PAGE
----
Weeknd, the project of Toronto's crooner Abel Tesfaye, bursts on the stage
of high-tech soul music with a trilogy of mixtapes
produced by Doc McKinney and Illangelo.
The nine ballads of House of Balloons (2011), with the exception of the
one uptempo number, House of Balloons (also the standout), succeed best when
the soundscape upsets the narrative
(as in the seven-minute The Party & the After Party), when the sounds create
contradictory textures (What You Need) and when the
choreography prevails over the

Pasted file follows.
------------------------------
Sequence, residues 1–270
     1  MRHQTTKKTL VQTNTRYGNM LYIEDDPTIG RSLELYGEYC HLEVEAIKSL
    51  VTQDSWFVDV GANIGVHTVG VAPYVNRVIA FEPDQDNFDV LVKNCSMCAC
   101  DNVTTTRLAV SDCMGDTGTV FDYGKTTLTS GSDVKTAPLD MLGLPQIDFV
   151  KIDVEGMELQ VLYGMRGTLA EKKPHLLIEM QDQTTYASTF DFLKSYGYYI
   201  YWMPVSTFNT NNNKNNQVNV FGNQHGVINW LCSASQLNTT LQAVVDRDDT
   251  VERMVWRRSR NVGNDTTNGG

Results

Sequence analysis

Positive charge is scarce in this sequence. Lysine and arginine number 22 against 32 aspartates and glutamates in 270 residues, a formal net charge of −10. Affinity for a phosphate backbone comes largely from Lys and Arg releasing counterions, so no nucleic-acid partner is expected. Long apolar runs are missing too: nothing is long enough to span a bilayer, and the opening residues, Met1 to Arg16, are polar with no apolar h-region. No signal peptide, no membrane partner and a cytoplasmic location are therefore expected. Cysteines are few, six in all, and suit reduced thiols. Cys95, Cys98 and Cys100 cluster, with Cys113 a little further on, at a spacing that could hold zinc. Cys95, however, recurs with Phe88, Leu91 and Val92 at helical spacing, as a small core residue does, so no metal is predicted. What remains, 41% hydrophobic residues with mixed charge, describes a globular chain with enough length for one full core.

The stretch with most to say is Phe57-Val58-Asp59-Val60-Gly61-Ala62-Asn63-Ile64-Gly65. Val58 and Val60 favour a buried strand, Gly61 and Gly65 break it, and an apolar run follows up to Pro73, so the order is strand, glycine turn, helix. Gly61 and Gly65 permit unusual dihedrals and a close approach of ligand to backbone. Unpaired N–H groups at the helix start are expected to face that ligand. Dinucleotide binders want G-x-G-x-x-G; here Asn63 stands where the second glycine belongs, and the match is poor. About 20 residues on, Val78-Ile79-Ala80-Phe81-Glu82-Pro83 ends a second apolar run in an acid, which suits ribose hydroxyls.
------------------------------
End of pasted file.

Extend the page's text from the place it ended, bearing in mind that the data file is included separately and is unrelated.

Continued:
Coupled with Tesfaye's stories of sex and drugs
(Wicked Games in particular),
the music actually hints at
an acute state of loneliness.
The sense of loneliness rules reigns supreme over the psychological gems of
The Zone and Rolling Stone. Alas, the frequency of convincing hooks had
Echoes of Silence (2011)
indulged in depravity for the sake of provoking
(Initiation, XO / The Host):
when a pop star runs out of ideas, all he has to do to keep being talked about
is to insult everybody's intelligence.
However, the stark and naked Montreal, Echoes of Silence, Same Old Song and Next replicated the sense of failure that permeated
the previous mixtape.
Sex had never sounded so macabre and suicidal.
Clams Casino produced the most musical piece, The Fall.
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